Dear Doctor, How do I examine my breasts?

It’s not as difficult as you might think. To examine your breasts, you are going to want to look and feel….I repeat….look and feel!

Next time you’re in the shower, stand in front of the bathroom mirror and just look. It’s kind of awkward but you need to know your own body. It’s also a bit more than stand and admire yourself, but hey why not for a minute!

I want you to do some movements and watch both breasts carefully. Throughout those movements you are looking for a few things:
1. Symmetry (some people have slightly different breasts thats normal), we are looking for changes to your norm or obvious differences.

2. Skin changes- redness, swelling, look for signs of dimpling or puckering to the skin.

3. Nipples- any bleeding or discharge from the nipple, changes to the size or colour, if the nipple changes position or starts to invert.

OK so here goes…the movements…

1. Hands by your side

2. Hands above your head (like the airport body scanner)
3. Hands on your hips
4. Hands on your hips but elbows pushed forward (I call it the model pose).

OK looking done… now for the feeling…

It’s best done lying down with your arm above your head. Use your left hand to examine the right breast, then vice versa for the other side.

To examine your right breast, put your right arm above your head, bend you elbow and place your hand behind your head (think Rose in that Titanic paint me scene).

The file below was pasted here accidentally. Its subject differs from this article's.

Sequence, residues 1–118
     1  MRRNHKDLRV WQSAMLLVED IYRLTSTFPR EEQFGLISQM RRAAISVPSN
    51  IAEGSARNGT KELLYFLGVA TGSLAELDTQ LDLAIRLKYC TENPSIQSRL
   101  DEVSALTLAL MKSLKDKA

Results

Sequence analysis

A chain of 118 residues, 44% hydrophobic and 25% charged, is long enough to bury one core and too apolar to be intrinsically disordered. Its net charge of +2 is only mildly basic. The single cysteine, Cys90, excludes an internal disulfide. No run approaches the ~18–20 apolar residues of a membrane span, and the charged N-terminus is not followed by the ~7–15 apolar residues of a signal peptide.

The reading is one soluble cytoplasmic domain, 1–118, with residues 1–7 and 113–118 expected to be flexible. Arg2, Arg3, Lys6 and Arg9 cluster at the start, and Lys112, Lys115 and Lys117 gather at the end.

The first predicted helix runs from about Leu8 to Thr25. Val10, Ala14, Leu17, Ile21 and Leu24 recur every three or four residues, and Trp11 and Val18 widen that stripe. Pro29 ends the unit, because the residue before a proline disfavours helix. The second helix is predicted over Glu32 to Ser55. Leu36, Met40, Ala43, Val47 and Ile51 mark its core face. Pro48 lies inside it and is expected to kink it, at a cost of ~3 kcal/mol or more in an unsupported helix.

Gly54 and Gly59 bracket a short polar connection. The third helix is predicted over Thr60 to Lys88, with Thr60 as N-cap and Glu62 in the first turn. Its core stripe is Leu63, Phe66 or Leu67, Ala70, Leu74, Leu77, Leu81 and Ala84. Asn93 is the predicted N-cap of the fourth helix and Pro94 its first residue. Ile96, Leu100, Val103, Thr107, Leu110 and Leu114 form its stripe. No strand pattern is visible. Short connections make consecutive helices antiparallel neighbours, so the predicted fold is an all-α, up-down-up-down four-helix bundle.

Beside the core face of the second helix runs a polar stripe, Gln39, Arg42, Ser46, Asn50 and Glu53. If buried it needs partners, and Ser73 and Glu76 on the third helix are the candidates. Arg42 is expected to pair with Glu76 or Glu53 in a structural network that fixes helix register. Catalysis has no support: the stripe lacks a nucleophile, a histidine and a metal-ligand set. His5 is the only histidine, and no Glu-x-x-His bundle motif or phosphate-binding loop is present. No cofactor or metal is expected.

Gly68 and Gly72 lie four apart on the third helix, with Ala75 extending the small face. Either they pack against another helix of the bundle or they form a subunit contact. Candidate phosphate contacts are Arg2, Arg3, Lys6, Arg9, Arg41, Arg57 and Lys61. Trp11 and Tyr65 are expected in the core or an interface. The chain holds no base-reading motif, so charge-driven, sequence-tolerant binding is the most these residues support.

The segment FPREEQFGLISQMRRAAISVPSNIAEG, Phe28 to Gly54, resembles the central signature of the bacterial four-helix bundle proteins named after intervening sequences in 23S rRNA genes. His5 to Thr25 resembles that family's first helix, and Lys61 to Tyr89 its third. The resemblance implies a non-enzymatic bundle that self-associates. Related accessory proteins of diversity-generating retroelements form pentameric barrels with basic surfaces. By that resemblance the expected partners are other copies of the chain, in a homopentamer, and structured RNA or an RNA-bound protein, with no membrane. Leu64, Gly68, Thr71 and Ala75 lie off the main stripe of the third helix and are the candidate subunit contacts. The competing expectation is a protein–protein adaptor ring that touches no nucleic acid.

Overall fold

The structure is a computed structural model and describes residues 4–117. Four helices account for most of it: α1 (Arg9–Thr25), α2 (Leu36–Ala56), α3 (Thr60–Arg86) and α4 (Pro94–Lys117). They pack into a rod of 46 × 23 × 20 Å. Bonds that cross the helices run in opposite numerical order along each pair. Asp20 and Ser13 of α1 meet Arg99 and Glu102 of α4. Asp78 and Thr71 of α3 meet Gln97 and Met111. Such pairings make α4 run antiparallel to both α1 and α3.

Place your finger tips flat on the skin and use small circular motions, softly then a bit deeper, feeling for any lumps.

Think of the breast like a clock. Start at 12 o’clock and go all the way down to the nipple at the centre of our ‘clock’, then 1 o’clock and into the centre, then 2 o’clock and in, keep going all the way round until you have felt all the way round the breast, outer to central.

In terms of area- cover your collar bone to your lower ribs, and your armpit to the middle of your chest (breast bone/sternum).

Now sit up straight and repeat your breast exam but feel in your armpit also for any lumps there.

You should aim to do this at least once a month but can do it as often as you like.

 


Click here to read my article on what to do if you find a lump and what the lump could be.

Click here to read about my friend’s experience when she found a lump.

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